07.12.2018 |

Global burden of malnutrition remains unacceptably high, report

Overweight and obesity among adults are at record levels (Photo: CC0)

The burden of malnutrition across the world remains unacceptably high, and progress unacceptably slow. However, although the world is off track, the chance to end malnutrition has never been greater. These are the messages of the “2018 Global Nutrition Report” released in Bangkok on 29 November. The comprehensive report on nutrition, written by an expert group, reviews existing processes, highlights progress in combating malnutrition, identifies challenges and proposes ways to solve them. According to the report, stunting declined from 32.6% of all the world’s children under 5 years of age in 2000 to 22.2% in 2017. In numbers, this is a decline from 198.4 million to 150.8 million children. Stunting among children in Africa has decreased in percentage terms from 38.3% to 30.3% over the same period. However, due to population growth, the actual number of stunted children has risen. There has been a slight decrease in underweight women since 2000, from 11.6% to 9.7% in 2016. Yet, while there has been progress, it has been slow and patchy.

On the other hand, overweight and obesity among adults are at record levels with 38.9% of adults overweight or obese, stretching from Africa to North America, and increasing among adolescents. Women have a higher prevalence of obesity than men, at 15.1% compared with 11.1%. Worldwide, 38.3 million children under five years are overweight. Beyond health, slow progress on malnutrition is also impacting the social and economic development of countries. It is estimated that malnutrition in all its forms could cost society up to US$3.5 trillion per year, with overweight and obesity alone costing US$500 billion per year. “The figures call for immediate action. Malnutrition is responsible for more ill-health than any other cause,” said Corinna Hawkes, co-chair of the report and Director of the Centre for Food Policy. “The health consequences of overweight and obesity contribute to an estimated four million deaths, while undernutrition explains around 45% of deaths among children under five.”

The assessment shows that just under 50% of countries are on course to meet at least one of nine global nutrition targets. However, no country is on track to meet all of the nine targets that are being covered in the report and just five countries are on track to meet four. Not a single country is on course to meet the adult obesity target. “The uncomfortable question is not so much ‘why are things so bad?’ but ‘why are things not better when we know so much more than before?’” said Hawkes. The report highlights that solutions already exist but the bad news is that effective ideas are not being adopted at scale. For example, studies show that sugar-sweetened beverage taxes are working effectively to reduce consumption of unhealthy drinks. In Mexico, an evaluation of the sugar-sweetened beverage tax found that sales of targeted beverages fell by 9.7% across the population two years after the policy was implemented. The greatest decline in purchases (17%) was seen among households of lower socioeconomic position. Similar studies in Chile and the US (Berkeley and Philadelphia) have also demonstrated the desired policy effect. “While malnutrition is holding back human development everywhere, costing billions of dollars a year, we are now in a position to fight it,” said Jessica Fanzo, co-chair of the report. “From policies such as sugar taxes, to new data that enables us to understand what people are eating and how we can best target interventions, the global community now has the recipes that work.”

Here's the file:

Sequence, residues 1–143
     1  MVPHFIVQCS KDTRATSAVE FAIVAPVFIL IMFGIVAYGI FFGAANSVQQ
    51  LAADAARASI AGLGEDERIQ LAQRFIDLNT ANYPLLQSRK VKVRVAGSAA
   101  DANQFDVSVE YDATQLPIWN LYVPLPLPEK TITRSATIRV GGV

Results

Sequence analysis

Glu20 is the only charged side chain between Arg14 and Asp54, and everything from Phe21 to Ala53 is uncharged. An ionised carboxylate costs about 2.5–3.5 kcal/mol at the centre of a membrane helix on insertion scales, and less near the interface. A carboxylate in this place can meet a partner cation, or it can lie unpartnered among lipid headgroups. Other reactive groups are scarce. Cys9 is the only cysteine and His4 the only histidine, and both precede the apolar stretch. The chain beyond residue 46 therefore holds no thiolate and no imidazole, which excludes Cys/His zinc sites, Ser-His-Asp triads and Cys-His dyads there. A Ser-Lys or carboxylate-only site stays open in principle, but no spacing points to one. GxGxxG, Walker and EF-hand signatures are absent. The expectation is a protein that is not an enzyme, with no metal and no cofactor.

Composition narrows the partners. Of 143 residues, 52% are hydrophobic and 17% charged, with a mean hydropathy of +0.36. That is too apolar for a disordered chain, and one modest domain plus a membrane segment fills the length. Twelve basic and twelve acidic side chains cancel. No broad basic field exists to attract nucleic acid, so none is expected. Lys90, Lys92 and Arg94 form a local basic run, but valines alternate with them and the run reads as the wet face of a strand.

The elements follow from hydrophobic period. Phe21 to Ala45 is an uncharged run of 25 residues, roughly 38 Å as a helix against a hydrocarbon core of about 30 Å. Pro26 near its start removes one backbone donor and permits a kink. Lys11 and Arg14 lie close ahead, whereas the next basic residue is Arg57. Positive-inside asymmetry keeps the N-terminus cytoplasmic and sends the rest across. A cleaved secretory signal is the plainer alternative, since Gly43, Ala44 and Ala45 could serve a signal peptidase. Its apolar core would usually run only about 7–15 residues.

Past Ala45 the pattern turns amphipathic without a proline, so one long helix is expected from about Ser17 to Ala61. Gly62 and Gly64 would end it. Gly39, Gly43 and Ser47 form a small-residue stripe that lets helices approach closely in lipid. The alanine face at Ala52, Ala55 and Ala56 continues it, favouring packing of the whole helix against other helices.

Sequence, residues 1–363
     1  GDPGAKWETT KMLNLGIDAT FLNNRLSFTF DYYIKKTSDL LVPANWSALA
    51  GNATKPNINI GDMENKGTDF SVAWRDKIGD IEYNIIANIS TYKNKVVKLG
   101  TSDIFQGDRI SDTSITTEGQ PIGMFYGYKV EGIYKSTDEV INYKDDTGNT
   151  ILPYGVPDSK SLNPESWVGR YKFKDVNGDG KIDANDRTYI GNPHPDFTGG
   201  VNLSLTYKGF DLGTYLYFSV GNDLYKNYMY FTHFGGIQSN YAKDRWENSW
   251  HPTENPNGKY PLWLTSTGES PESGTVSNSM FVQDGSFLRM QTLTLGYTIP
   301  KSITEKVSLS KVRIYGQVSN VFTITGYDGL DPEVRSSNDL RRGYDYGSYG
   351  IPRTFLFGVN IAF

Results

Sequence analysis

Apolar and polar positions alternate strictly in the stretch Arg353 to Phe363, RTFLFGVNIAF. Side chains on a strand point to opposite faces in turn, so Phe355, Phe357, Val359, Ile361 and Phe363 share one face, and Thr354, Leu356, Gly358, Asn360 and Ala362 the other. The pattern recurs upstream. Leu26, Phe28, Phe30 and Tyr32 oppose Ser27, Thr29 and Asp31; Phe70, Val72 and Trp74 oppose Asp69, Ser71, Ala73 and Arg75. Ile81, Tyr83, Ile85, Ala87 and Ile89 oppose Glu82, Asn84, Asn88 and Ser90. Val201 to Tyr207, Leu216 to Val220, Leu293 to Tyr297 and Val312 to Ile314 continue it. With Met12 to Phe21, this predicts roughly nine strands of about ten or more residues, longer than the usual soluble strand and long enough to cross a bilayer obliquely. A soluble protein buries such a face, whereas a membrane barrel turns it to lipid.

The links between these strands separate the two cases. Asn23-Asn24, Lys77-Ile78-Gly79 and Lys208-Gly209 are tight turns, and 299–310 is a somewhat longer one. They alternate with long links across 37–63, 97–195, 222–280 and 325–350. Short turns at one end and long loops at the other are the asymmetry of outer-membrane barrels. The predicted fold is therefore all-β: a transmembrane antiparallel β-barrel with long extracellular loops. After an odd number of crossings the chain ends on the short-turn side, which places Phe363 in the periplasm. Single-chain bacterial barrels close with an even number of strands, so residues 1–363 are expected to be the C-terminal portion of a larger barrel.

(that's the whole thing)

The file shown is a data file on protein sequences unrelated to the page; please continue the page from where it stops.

The authors call for better political commitment to end malnutrition in all its forms. They mention new nutrition policies developed in China as an example. The country is facing the second-largest undernourished population, with overweight and obesity levels rising at alarming rates and diet-related non-communicable diseases (NCDs) such as diabetes on the up. To address this, China developed two plans with the potential to transform malnutrition. The National Nutrition Plan (2017–2030), released last year, includes a range of malnutrition targets including stunting, obesity, anaemia, breastfeeding and folic acid deficiency among vulnerable people. Among the measures of the plan are nutrition monitoring, new dietary reference intakes, screening programmes, a campaign to promote healthy lifestyles, recommended limits for sugars, fats and salt in packaged foods, nutrition labelling in cafes and restaurants, standards on fortified foods, and education on healthy diets. It recommends a balanced diet combining cereals, meat, vegetables, fruit, milk and soy. (ab)

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